Upper Saddle River, N.J. — Onkyo will ship the first two A/V receivers (AVRs) in its 2008 lineup in April, bringing powered second-zone audio, front-channel biamplification and automatic room equalization to $299 and $399 street prices for the first time and HDMI passthrough to a street price of $299 for the first time.
The two 7.1-channel models, the $299 TX-SR506 and $399 TX-SR576, also bring compressed-music optimizer technology to the Onkyo line for the first time, said marketing manager Paul Wasek.
The next round of new AVRs will start shipping midyear, he said.
The opening-price 506 features HDMI 1.3a 1080p passthrough with Deep Color support, with separate connection for audio. The step-up 576 uses HDMI 1.2a but allows 1080p Deep Color video and audio to pass through the same HDMI cable. The 576 also adds decoding of Dolby Digital Plus and 7.1-channel PCM.
Both models simultaneously drive a 5.1-channel home theater ands two-channel remote-zone audio, and both use Audyssey’s 2EQ automatic room calibration. They’re also said to be among the first products to use Audyssey’s Dynamic EQ technology, which maintains a consistent volume level when video sources are switched, TV channels are changed, TV programs transition to commercials and programs transition from loud to soft passages. The technology also dynamically adjusts frequency response to compensate for the human ear’s lower sensitivity to bass and treble sounds as volume levels decrease. Likewise, it adjusts surround levels in real time when volume levels change.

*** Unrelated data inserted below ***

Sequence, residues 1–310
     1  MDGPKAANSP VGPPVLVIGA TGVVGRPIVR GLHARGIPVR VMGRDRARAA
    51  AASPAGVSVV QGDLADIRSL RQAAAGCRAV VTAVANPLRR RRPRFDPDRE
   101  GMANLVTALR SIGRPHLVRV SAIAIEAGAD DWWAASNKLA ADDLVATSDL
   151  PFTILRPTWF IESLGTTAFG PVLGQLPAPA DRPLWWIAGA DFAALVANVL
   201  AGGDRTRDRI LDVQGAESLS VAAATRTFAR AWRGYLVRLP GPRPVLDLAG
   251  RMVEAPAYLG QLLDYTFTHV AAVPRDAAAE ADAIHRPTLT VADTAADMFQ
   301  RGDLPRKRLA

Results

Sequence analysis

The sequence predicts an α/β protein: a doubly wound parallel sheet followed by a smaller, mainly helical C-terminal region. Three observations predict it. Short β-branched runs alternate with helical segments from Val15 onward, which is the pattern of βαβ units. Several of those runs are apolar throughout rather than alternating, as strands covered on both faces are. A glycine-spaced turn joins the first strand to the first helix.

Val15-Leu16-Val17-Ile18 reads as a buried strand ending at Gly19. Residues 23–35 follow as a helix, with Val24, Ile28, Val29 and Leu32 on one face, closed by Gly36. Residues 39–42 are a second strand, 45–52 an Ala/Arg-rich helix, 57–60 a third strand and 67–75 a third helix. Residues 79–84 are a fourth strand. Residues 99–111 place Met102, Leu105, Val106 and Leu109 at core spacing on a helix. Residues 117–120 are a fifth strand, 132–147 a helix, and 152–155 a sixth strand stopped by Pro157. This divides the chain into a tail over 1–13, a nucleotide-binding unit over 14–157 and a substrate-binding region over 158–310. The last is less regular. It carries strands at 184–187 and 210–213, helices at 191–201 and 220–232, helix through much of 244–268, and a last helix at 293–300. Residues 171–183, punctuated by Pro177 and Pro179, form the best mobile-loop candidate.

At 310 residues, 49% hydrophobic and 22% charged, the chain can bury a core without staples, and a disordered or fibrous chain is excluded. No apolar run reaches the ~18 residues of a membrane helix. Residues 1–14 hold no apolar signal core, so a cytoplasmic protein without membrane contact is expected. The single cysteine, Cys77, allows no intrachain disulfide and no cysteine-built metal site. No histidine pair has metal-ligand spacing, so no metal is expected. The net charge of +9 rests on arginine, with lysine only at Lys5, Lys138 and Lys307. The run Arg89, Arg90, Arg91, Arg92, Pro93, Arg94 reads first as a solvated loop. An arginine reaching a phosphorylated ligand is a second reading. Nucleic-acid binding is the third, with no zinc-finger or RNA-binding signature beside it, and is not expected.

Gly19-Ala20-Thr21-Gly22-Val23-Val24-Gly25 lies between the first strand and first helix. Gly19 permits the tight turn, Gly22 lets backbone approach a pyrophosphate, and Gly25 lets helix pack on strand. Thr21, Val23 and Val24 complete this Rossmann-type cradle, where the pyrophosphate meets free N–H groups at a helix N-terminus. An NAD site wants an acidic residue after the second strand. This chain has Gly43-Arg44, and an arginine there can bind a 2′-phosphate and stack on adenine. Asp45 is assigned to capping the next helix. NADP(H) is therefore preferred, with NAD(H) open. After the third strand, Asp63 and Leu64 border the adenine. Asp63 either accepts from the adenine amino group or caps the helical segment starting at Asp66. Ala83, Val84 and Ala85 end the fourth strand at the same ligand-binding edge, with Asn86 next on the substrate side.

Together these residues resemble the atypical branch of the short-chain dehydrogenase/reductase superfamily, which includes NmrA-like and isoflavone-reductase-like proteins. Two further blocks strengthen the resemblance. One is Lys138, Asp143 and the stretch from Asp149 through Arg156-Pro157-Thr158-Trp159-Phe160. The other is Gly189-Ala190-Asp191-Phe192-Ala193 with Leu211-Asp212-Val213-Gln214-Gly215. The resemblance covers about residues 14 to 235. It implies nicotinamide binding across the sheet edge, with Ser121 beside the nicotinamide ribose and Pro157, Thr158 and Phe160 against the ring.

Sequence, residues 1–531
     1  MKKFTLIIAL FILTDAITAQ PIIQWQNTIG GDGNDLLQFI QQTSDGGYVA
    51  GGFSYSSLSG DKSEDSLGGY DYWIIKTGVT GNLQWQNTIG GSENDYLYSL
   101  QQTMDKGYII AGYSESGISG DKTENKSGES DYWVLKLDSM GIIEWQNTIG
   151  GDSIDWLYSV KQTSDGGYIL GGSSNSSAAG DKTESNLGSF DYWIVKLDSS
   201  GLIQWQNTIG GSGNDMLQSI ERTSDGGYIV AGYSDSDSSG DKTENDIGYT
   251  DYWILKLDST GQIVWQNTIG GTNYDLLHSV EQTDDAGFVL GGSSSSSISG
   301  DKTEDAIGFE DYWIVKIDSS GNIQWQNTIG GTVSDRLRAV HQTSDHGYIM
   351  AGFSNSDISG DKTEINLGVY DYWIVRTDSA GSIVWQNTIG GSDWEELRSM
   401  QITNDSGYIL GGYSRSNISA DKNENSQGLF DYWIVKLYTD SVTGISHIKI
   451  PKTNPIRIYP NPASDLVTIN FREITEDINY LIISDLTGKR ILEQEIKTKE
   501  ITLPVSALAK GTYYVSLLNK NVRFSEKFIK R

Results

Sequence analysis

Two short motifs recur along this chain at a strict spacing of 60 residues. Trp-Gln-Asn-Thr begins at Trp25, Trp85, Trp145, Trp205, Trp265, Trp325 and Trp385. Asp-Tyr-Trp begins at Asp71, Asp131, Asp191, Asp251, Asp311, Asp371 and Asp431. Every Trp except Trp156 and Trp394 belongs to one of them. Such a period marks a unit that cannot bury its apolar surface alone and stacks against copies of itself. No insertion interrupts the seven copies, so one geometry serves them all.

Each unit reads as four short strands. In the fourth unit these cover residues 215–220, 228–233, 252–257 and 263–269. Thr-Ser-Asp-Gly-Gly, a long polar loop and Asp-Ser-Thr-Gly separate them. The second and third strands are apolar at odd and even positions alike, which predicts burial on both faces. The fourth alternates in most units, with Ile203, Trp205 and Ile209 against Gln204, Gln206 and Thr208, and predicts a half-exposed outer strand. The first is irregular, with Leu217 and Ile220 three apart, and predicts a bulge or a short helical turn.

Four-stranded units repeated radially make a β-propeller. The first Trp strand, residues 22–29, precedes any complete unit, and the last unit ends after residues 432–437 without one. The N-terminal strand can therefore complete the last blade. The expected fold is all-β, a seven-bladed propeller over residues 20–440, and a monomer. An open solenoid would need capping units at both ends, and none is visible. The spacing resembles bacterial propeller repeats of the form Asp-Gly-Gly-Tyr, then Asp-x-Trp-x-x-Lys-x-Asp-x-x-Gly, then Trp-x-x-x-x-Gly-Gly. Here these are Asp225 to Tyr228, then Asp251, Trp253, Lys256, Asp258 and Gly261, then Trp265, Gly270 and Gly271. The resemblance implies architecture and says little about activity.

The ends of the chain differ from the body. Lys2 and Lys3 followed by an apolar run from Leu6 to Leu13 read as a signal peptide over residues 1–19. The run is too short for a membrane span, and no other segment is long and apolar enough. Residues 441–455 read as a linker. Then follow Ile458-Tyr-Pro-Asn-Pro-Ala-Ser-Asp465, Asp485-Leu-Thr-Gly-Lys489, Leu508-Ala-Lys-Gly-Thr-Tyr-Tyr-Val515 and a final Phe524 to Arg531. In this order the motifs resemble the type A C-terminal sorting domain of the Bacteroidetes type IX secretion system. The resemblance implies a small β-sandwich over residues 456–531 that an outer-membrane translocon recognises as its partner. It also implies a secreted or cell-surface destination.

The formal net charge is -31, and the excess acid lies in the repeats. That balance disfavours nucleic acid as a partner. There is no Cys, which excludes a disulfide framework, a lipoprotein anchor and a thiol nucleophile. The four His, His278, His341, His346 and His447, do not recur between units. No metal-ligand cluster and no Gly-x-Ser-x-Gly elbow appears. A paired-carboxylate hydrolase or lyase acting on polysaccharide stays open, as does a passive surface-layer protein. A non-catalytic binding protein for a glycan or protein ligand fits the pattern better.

Both receivers’ are also the brand’s first to implement proprietary Music Optimizer technology to improve the quality of compressed-music files. Both models also connect to the company’s iPod docks, which can be connected to other-brand AVRs. When connected to Onkyo AVRs, however, the docked iPod can be controlled from the AVR’s remote. Onscreen iPod menus appear on a connected TV when the dock is connected to any brand of AVR, the company said.
HDMI transcoding and decoding of all Blu-ray surround formats, but not high-definition up-scaling, currently start at a street price of $499 in the Onkyo AVR line, and those features will start at the same price point when new models are launched midyear, Wasek said.